Umbrella Movement Protesters March to Chinese Regime’s Hong Kong Office
On Sunday, Hong Kong pro-democracy protesters marched to Chinese government’s offices to demand direct talks with Beijing over democratic reform in the city.
About 1,000 protesters carried out a “yellow ribbon” march from a park in Hong Kong’s central business district to Beijing’s liaison office several miles away.
The student-led demonstrators carried banners with the words “We demand dialogue with the central government,” as well as the now iconic “Lion Rock” banner that reads “I want true universal suffrage.”
The Hong Kong Federation of Students (HKFS), a prominent student body at the forefront of a leaderless pro-democracy movement, have decided to directly engage Chinese regime officials in Beijing after earlier talks with the Hong Kong government failed to break the impasse.
The protesters are demanding full democracy for the city’s Chief Executive elections in 2017. Presently, Beijing selects two or three candidates for a 1,200 pro-Beijing elections committee to select.
During the student-government dialogue on Oct. 21, the Hong Kong government backed the Standing Committee of the National People’s Congress’s Aug. 31 decision to stick to the current Chief Executive elections arrangement in 2017, despite the HKFS student representatives’ impassioned pleas.
The Hong Kong government also agreed to send a report to Beijing about the recent events and suggest that both Hong Kong and China set up a committee to discuss political reform in Hong Kong beyond the 2017 Chief Executive elections, but this proposal received lukewarm response from the demonstrators.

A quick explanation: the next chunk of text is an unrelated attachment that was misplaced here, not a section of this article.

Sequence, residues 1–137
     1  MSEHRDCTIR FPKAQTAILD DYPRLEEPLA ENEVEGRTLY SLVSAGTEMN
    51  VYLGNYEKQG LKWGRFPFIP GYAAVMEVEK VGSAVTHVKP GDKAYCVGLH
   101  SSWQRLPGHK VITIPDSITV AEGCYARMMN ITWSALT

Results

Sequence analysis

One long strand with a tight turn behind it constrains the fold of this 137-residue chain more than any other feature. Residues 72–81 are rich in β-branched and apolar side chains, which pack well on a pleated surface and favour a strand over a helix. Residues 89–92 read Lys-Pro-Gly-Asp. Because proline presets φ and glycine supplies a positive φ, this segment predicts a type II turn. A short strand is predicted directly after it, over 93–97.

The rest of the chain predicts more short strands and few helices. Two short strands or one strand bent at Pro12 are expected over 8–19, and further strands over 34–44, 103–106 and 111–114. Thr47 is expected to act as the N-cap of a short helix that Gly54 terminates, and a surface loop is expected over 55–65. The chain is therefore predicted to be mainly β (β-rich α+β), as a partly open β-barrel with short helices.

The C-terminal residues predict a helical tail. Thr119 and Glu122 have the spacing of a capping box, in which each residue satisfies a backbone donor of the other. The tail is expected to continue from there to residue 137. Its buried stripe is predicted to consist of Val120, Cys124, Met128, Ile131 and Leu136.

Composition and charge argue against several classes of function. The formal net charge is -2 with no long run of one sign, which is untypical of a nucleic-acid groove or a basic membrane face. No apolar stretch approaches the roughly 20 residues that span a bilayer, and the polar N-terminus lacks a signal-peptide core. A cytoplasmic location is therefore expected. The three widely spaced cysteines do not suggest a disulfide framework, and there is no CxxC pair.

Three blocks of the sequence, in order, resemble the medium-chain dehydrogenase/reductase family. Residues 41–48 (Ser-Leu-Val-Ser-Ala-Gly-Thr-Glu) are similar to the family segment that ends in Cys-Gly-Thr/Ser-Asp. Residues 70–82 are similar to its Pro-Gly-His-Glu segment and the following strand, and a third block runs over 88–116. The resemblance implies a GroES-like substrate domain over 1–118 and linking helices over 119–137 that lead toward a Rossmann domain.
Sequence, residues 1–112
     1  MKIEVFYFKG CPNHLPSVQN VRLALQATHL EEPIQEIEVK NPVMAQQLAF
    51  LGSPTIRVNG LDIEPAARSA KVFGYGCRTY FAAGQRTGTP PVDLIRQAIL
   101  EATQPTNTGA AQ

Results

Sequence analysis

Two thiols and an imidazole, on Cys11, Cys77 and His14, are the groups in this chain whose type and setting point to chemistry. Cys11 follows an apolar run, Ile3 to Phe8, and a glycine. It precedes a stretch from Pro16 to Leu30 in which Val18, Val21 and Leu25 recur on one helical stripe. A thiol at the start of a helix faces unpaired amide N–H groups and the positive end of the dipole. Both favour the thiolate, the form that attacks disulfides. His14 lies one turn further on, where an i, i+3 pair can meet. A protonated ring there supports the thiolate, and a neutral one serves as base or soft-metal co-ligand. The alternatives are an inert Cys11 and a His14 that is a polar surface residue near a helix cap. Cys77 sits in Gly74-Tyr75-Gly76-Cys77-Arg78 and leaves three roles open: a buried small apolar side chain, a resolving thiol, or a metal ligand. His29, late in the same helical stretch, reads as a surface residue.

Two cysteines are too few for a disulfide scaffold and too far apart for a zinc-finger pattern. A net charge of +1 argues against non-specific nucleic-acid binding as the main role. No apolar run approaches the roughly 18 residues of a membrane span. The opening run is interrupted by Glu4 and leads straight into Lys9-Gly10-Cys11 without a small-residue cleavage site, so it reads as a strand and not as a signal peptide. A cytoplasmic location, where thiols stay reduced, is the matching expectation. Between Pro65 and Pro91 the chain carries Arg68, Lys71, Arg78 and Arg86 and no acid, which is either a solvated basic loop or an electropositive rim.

After a period of indecision, the HKFS leaders settled on seeking an audience with Beijing after the Asia Pacific Economic Cooperation (APEC) meetings. APEC is being held in China this year and will run from Nov. 9 to Nov. 11.
At Sunday’s “yellow ribbon” march, Joshua Wong, a teenage activist who is one of the most recognized faces of the Umbrella Movement, said: “Students were showing good faith that if the Hong Kong government can’t handle this, why don’t we get in touch with the central authorities to discuss whether or not we can narrow the differences.
“But so far, we’ve been given the cold shoulder.”
When the pro-democracy protesters arrived at the China liaison office, they tied yellow ribbons, one of the movement’s symbols, on the metal barricades outside the building under the watchful gaze of police officers.
Some Hong Kong government supporters also showed up to confront the protesters, but no significant incidents occurred.